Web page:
If there is anything useful about COVID-19, perhaps it is its devastating impact on the nation especially on the poor. Not for anything else, but many see it, and soon enough, many will feel and learn from it.
As a result, the civil society is now more prepared to accept the economic sense of providing income support for displaced workers especially from manufacturing and services, those whose skills would not allow them to work or conduct webinars in the comfort of their homes. Cash transfers are also vital for the very poor who have been further debased by the need for more soap and water, face masks and face shields — or otherwise risk arrest and denial of mobility. We realize now that the many years of neglect of our health sector would pay us back with nearly unbridled upsurge of COVID-19.
Bad governance that allows social inequality to persist is anathema to promoting inclusive and self-sustaining growth.
Yes, poverty alleviation in the Philippines has been showing some good progress in recent years. Poverty incidence had declined from 25.2% of the population in 2012 to 16.7% in 2018. Inflation for the bottom 30% of income households had receded from a high of 6% in 2014 to 2.7% average for the first 10 months of 2020. The percentage of households with savings had risen from 32.7% in the first quarter of 2016 to 37.8% in the first quarter of 2020, before the pandemic.
But the pandemic could be heartless. Various surveys including those by the SWS on the people’s gauge of their finances and security and the BSP’s own consumer and business expectations surveys — all good leading indicators of the national income accounts and income distribution — point to the virtual negation of such positive traces of social progress. People feel poorer and are afraid to go out even to look for work because of the virus. Consumers are not eager to go out and spend on food or personal items, while business has been intimidated from increasing capacity. Voluntary social distancing has left deep wounds and scars that could take years to completely heal.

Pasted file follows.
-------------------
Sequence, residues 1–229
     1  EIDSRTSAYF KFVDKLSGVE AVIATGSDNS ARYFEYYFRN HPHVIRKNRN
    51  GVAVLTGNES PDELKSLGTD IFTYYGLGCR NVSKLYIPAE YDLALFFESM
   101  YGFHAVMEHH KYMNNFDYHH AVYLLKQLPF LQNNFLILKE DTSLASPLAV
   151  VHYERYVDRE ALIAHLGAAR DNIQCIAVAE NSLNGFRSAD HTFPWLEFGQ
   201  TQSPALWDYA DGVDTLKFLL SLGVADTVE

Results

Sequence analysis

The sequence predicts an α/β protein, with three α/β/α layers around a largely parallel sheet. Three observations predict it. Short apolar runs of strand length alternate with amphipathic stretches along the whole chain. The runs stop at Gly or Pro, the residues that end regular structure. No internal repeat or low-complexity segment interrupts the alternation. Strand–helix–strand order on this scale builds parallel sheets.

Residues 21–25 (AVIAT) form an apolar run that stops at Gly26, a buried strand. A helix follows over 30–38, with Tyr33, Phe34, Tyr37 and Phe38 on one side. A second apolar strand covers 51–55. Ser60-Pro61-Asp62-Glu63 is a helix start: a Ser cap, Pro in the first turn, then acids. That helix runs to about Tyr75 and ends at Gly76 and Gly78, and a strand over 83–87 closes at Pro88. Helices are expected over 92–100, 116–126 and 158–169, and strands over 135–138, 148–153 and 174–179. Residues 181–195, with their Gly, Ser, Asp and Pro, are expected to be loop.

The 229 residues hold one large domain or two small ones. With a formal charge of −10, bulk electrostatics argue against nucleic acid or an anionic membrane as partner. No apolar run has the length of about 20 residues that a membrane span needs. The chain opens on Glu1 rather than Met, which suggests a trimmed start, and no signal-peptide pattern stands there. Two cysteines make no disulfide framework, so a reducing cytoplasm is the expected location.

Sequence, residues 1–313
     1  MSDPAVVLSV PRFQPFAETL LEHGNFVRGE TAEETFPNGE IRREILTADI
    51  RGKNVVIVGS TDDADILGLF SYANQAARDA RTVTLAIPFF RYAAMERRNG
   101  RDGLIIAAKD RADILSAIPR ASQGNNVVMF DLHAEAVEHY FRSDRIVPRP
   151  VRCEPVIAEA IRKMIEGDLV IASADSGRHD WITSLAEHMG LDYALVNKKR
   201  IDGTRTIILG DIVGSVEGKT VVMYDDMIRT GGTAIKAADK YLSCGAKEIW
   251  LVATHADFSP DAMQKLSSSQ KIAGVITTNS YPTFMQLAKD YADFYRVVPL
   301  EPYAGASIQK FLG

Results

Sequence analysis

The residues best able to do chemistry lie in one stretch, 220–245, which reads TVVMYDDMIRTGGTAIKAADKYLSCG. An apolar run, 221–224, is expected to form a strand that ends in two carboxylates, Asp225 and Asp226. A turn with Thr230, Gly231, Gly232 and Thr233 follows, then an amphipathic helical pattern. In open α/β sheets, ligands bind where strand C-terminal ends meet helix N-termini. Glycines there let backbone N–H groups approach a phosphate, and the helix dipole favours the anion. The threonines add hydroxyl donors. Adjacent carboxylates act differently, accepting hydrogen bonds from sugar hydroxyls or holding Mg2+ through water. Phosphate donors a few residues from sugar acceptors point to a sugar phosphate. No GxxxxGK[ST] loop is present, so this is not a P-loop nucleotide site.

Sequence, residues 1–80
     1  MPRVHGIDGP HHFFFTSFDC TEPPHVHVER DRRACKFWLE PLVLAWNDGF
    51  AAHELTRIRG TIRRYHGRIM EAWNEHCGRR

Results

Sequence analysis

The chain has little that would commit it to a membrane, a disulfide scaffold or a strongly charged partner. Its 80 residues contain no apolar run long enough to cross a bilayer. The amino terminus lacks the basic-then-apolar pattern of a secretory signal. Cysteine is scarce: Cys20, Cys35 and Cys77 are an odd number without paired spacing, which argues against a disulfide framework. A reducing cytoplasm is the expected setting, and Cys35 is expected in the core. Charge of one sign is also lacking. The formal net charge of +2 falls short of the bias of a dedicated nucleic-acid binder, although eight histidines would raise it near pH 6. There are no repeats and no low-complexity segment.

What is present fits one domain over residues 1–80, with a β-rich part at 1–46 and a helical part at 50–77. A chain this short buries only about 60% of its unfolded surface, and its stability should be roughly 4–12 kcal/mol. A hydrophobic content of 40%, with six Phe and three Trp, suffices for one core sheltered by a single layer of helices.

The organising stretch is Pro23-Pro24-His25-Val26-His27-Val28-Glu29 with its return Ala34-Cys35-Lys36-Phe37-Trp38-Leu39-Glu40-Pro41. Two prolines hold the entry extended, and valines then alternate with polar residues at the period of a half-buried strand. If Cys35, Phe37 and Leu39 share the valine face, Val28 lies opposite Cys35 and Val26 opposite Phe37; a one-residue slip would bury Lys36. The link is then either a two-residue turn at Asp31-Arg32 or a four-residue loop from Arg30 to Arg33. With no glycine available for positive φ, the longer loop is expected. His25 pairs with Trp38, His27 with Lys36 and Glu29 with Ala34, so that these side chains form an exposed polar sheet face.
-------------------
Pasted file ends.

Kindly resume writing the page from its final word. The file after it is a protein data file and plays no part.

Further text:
In the Philippines, while we are proud of having achieved uninterrupted economic growth for the last 84 quarters or 21 years, moderate inflation, and turnaround in public finance and external payments position, we are now challenged to explain why one bout with Kid COVID knocked us down, not once but so far, three times. We need to reassess our institutions and policy framework to avoid a repeat of this ignominious performance.
Without doubt, the pandemic is just one of those shocks that could test the resilience of economies and civil societies. There is increasing evidence that economic growth could be more fragile, less robust in fact, when it is not inclusive and the fruits of development accrue only to the upper crust of society. The pandemic simply unmasked the sad reality of the weak support in some societies for public policies that offer better opportunities in education, health and nutrition, business and politics.